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Home Editorials of Interest Taipei Times No country should want a neighbor like China

No country should want a neighbor like China

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Earlier this month, Typhoon Jebi battered Japan’s Kansai region. As a result of fake news created by the Chinese government in collaboration with pro-unification advocates in Taiwan, Su Chii-cherng (蘇啟誠), who was director-general of the Taipei Economic and Cultural Office’s Osaka branch, was pushed over the edge and took his own life — the only Taiwanese casualty of the typhoon.

However, not even Su’s suicide put an end to the political war of words.

Su Hung-dah (蘇宏達), a professor in National Taiwan University’s Department of Political Science joined the fake news attack on the government by publishing an article online, pretending to be “a professional diplomat.”

This once again shows that Beijing’s malevolent attitude toward Taiwan manifests itself in tangible political suppression and military saber-rattling, as well as through Chinese travelers in Taiwan making deliberate misrepresentations, spreading rumors to confuse right and wrong and repeating these untruths so often that people start to believe them.

In short, China is injecting the most poisonous parts of its culture into Taiwan.

China’s fake news culture stretches as far as Sweden. Recently, a Chinese family of three, surnamed Zeng (曾), traveled to Stockholm and got into an argument with hostel staff after arriving a day early.

The son wrote to the Chinese Communist Party publication the Global Times, saying that the hostel refused to allow them to spend the night in the lobby and told them to “leave immediately.”

He then accused Swedish police of violently pushing over his father, who has cardiovascular disease, dragging him out of the hostel and throwing him to the ground, causing him to convulse and lose consciousness.

They were then dragged into a police car to be beaten, threatened and dumped at a graveyard, he said.

Zeng’s submission sparked a diplomatic dispute between Sweden and China.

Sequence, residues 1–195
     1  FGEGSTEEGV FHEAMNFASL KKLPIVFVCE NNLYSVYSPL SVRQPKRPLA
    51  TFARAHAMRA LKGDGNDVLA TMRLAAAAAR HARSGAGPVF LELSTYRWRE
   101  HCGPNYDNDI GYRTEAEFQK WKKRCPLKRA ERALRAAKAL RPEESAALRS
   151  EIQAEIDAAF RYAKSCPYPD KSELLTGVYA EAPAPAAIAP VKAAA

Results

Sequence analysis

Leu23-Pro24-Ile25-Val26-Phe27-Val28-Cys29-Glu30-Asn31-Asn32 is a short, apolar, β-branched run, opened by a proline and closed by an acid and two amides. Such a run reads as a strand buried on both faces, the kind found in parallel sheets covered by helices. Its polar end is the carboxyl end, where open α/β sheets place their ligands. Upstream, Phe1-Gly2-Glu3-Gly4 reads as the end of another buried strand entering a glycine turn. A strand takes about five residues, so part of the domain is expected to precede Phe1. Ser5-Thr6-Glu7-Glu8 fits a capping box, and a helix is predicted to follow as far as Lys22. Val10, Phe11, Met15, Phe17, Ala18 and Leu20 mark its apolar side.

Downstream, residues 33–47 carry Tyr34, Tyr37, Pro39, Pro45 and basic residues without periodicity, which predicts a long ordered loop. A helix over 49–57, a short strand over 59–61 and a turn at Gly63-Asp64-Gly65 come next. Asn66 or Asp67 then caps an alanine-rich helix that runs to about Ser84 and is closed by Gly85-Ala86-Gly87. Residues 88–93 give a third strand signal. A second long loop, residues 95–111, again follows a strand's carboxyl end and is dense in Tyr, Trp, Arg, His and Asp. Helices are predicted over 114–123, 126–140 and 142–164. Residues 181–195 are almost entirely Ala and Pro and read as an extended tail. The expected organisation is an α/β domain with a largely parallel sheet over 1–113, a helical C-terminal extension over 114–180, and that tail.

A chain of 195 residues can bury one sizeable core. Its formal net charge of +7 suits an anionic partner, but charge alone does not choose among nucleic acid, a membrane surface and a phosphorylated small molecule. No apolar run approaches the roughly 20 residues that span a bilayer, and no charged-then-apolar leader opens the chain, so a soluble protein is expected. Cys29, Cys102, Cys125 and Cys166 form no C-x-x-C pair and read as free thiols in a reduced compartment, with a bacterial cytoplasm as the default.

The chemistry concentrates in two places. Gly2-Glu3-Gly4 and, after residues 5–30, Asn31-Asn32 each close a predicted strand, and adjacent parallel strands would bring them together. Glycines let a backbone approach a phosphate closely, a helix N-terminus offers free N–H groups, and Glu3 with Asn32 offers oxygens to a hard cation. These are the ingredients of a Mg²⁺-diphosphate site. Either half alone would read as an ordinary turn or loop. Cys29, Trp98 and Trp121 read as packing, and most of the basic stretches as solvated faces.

When Swedish media looked into the incident and reconstructed the events, it was found that the hostel staff called the police because they were intimidated and frightened by the Zeng family, who were loud and created a scene.

While the police tried their best to calm things down, the Zeng family kept shouting: “This is killing,” and lay down on the ground on their own, “as if they were ‘acting,’” an eyewitness said.

To avoid disturbing others, the police took the family to a nearby church, which is open around the clock and is next to a graveyard.

Although the truth has come to light, Chinese Ambassador to Sweden Gui Congyou (桂從友) and others continue to criticize Sweden, apparently as revenge for the Dalai Lama’s visit to the country and the Swedish government’s criticism of China’s detention of Gui Minhai (桂民海), a Chinese-born Swedish citizen and publisher.

Chinese people on both sides of the Taiwan Strait collaborated to create fake news that hounded Su until he took his own life, and the Chinese government and media outlets have supported the Zeng family without regard for the truth.

The incidents show that China uses fake news to blacken its enemies and achieve it political goals, disregarding the gender, age, identity and political affiliation of the people involved and whether the incident occurs in China or abroad.

In addition to being under constant political pressure from China, Taiwan is also suffering from China’s toxic fake news culture, which is supported domestically by some people.

Taiwanese are unbelievably unlucky to have such a neighbor.

John Yu is a civil servant.

Translated by Chang Ho-ming


Source: Taipei Times - Editorials 2018/10/01



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Newsflash

The Transitional Justice Commission is to investigate military detention and discipline centers established during the Martial Law era, as part of a plan to conserve the negative heritage sites and establish historical truth, a commission member said yesterday.

The commission has received a list of 45 negative heritage sites compiled by the Ministry of Culture and some sites are military compounds that the National Human Rights Museum’s investigators could not reach, the member said on condition of anonymity.